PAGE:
Jay's betrayal ultimately leads to the host's death as Maeve stabs him after being brought back online, but, of course, this being Westworld that doesn't mean the end of the character. Wu certainly hopes so.

"When I read that part in the schedule where I, you know, I passed I was talking to Lisa [and] I'm like, 'Oh, so that's it for me.' And she goes, 'No, it's Westworld, right? You're a host now, so you can always come back.' And I'm like, 'okay, cool.'

Reflecting on how most of the cast have returned despite their character's deaths, and how Evan Rachel Wood has even come back as a new character, Wu went on: "I find it really interesting to be able to reboot a character and make them different, and have the audience be able to accept that.

"I think they're really successful with that, and how these characters like Hale and Dolores have really changed and evolved over time, and Maeve. All those characters are strong, really strong female characters, they're just bad**s but also have evolved and changed through this series.

"I think that's a testament to Lisa Joy being one of the showrunners, it's a total reflection of her personality because she is a very strong, smart, powerhouse of a woman and writer."

Aurora Perrineau
Aurora Perrineau as C in "Westworld" Season 4, Daniel Wu's character Jay is replaced by a host copy of himself who betrays C and gets killed in the process, but the actor told Newsweek how "there's hope" he'll return. John Johnson/HBO

Daniel Wu on Feeling Personally Connected to Caleb's Season 4 Plight

The show's sixth episode wasn't just about Jay and C, though, as it also followed Paul's Caleb, also now a host, who desperately tries to escape from Hale's prison to send a message to his daughter, whom he calls Cookie (hence her nickname C).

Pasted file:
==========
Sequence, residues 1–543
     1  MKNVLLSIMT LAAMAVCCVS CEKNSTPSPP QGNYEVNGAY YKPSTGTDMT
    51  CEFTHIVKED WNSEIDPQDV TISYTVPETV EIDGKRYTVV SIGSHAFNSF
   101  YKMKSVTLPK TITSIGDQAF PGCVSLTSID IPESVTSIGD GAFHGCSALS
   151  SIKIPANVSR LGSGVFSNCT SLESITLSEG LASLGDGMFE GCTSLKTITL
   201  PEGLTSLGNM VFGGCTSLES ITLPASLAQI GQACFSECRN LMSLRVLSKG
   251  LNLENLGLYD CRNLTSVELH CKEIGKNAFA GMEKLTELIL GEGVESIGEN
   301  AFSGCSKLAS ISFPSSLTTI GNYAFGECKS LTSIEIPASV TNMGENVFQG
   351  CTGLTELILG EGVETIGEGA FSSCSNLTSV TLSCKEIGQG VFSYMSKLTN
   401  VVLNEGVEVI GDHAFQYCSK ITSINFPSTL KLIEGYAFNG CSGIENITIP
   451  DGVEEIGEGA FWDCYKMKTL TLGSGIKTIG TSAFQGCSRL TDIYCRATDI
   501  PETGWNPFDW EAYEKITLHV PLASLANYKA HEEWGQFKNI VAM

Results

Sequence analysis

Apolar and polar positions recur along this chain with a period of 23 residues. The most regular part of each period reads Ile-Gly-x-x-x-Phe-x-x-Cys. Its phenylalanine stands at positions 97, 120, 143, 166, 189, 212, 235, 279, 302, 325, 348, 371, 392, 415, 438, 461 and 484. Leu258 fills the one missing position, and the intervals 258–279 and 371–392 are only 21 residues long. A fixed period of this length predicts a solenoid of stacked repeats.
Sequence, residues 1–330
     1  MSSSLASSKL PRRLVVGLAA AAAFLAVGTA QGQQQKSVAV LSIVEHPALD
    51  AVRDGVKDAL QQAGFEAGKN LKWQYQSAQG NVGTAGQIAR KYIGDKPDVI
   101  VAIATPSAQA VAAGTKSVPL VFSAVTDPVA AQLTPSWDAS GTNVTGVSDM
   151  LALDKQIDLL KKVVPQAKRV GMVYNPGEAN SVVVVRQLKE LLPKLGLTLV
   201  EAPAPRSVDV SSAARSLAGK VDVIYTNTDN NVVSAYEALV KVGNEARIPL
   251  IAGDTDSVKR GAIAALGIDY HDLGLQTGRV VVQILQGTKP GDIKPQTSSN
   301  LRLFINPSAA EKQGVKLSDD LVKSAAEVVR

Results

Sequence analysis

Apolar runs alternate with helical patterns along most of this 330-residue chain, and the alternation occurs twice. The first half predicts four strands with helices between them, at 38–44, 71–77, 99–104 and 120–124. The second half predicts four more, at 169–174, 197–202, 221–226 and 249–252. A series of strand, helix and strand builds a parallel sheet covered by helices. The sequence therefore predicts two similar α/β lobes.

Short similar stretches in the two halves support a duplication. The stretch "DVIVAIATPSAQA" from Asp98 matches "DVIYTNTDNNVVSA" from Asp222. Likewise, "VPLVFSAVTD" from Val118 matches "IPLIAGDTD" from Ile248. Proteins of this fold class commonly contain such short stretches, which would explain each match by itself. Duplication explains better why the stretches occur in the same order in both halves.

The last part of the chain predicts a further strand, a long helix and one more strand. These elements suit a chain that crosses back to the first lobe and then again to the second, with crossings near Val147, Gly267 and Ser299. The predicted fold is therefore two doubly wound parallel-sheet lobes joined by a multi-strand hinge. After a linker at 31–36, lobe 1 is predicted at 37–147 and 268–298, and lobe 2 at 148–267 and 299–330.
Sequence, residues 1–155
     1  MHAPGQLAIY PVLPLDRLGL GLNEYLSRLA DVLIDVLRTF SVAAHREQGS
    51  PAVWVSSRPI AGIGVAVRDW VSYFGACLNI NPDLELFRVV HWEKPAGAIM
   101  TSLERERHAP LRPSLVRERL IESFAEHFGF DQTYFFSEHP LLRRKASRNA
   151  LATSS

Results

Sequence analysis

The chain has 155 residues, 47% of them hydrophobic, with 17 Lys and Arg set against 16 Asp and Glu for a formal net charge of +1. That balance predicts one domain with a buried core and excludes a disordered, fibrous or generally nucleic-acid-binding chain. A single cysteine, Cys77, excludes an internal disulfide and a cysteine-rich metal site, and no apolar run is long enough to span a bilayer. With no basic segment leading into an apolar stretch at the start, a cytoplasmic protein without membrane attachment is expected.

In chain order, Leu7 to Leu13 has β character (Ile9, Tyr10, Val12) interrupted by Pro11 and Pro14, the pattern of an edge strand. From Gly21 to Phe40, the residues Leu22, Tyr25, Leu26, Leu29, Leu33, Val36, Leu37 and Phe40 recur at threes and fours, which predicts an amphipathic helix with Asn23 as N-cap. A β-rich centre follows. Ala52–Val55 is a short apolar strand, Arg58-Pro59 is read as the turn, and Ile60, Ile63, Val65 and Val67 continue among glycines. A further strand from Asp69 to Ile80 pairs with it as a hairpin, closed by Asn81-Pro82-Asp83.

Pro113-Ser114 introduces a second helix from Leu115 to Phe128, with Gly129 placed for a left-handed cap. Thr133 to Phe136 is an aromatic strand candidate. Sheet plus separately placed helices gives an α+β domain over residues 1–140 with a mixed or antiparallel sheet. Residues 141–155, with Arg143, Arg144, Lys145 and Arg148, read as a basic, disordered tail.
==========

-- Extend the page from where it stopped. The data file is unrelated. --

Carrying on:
Caleb's love for his daughter and determination to protect her, even after being turned into a host, was something Wu felt a connection with as a father himself.

"It was such an existential moment for that character, like, what is his purpose now? What is he trying to do?" Wu said of Caleb's plotline. "And then, at the end, when he realizes Cookie is the focus, he needs to get this message out to Cookie, to see that was really heart-wrenching.

"You know, as a father watching that I was like, oh, man, he knows he's no longer that person he was, not a human anymore [...] but he still has that memory and the love for his daughter, it really, really hit home."

Reflecting on what's to come in the show, the actor went on: "I really like where the story is heading with [C] and her dad and that relationship. I think that's the strength of the season, Aurora's character Frankie coming in and being, again, another strong female minority character and having a really cool, compelling storyline with Aaron Paul's character, and this idea [that] he's no longer himself anymore but he still has that love and he still has the memory, and he still has that drive to want to be that father.

"That's really powerful for me, because I'm a father and I totally feel that same thing, my biggest fear is anything happening to my daughter, and my biggest fear about all this c**p that's happening in the world right now is because it's what she's gonna grow up into, it's not about me right now.

"And I think, Caleb's storyline this season is that: Is this humanity? Can we make humanity better for our future offspring?

"We're headed down a really dangerous road right now, I mean Sci-Fi always talks about that. Sci-Fi is about a reflection of ourselves and I feel like a lot of the points that we're talking about in Westworld right now are a reflection of what's happening in society at this moment."

Westworld airs Sundays at 9 p.m. ET on HBO and HBO Max.

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Aaron Paul as Caleb Nichols in "Westworld" Season 4. Daniel Wu told Newsweek he felt a personal connection to Paul's character as he understood his determination to protect his daughter, C, at all costs. John Johnson/HBO